How Should I Take Ownership of the Property I am Buying?
Real property can be incredibly valuable and the question of how parties can take ownership of their property is important. The form of ownership taken — the vesting of title — will determine who may sign various documents involving the property and future rights of the parties to the transaction. These rights involve such matters as: real property taxes, income taxes, inheritance and gift taxes, transferability of title and exposure to creditor’s claims. Also, how title is vested can have significant probate implications in the event of death.
When purchasing a piece of property, it is important to be aware of any environmental liabilities associated with it. For example, you should find out if there are any registered underground tanks within several miles of the property, known contaminated properties in the neighborhood, or property owners who have been fined by the government for failing to meet environmental safety standards.
Estate planners often recommend Living Trusts as a viable option when contemplating the manner in which to hold title to real property. When a property is held in a Living Trust, title companies have particular requirements to facilitate the transaction. While not comprehensive, answers to many commonly asked questions are below. If you have questions that are not answered below, your title company representative may be able to assist you, however, one may wish to seek legal counsel.
In purchasing your new home, your future monthly payments will be made up of principal, interest, real property taxes, and insurance. But what is the tax for the Community Facilities District, otherwise known as a Mello-Roos District? The Land Title Association (LTA) has answered some of the most commonly asked questions about the Mello-Roos Community Facilities Act.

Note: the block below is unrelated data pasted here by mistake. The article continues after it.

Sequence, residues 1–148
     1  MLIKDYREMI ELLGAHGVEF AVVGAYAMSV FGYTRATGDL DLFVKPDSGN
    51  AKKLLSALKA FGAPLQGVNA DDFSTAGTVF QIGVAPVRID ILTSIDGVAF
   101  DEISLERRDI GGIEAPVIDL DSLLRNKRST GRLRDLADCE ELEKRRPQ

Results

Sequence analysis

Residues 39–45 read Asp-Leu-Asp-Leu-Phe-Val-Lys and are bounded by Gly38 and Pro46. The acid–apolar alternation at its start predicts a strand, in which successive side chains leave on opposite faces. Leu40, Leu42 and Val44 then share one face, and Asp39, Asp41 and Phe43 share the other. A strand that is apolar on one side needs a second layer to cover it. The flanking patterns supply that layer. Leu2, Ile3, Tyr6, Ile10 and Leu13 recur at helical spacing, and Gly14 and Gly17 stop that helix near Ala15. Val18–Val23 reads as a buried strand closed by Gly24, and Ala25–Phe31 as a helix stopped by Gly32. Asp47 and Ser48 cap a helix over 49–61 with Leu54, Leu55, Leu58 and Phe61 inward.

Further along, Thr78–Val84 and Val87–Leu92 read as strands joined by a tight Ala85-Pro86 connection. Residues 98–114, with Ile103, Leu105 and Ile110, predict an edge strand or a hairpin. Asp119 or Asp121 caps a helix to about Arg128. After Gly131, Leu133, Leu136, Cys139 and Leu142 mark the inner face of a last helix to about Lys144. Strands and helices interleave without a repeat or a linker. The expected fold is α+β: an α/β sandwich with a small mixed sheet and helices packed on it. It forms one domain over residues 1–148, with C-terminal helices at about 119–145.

It is an unfortunate commentary, but when economic activity declines and housing activity decreases, more real property enters the foreclosure process. High interest rates and creative financing arrangements are also contributing factors.
Builders, in an effort to combat the dual problem of an increasing population and a declining availability of prime land, are increasingly turning to common interest developments (CIDs) as a means to maximize land use and offer homebuyers convenient, affordable housing.
Lead poisoning is a serious problem that can lead to adverse health problems. In children, high levels of lead can cause damage to the brain and nervous system, behavioral and learning problems, slow growth, and hearing problems. In adults, lead poisoning can cause reproductive problems, high blood pressure, digestive problems, nerve disorder, memory and concentration problems, and muscle and joint pain.
The Mechanics’ Lien law provides special protection to contractors, subcontractors, laborers and suppliers who furnish labor or materials to repair, remodel or build your home.
Underground heating oil tanks can pose many potential problems to both home buyers and sellers. They have been the source of many environmental problems such as contamination of surrounding soil and ground water.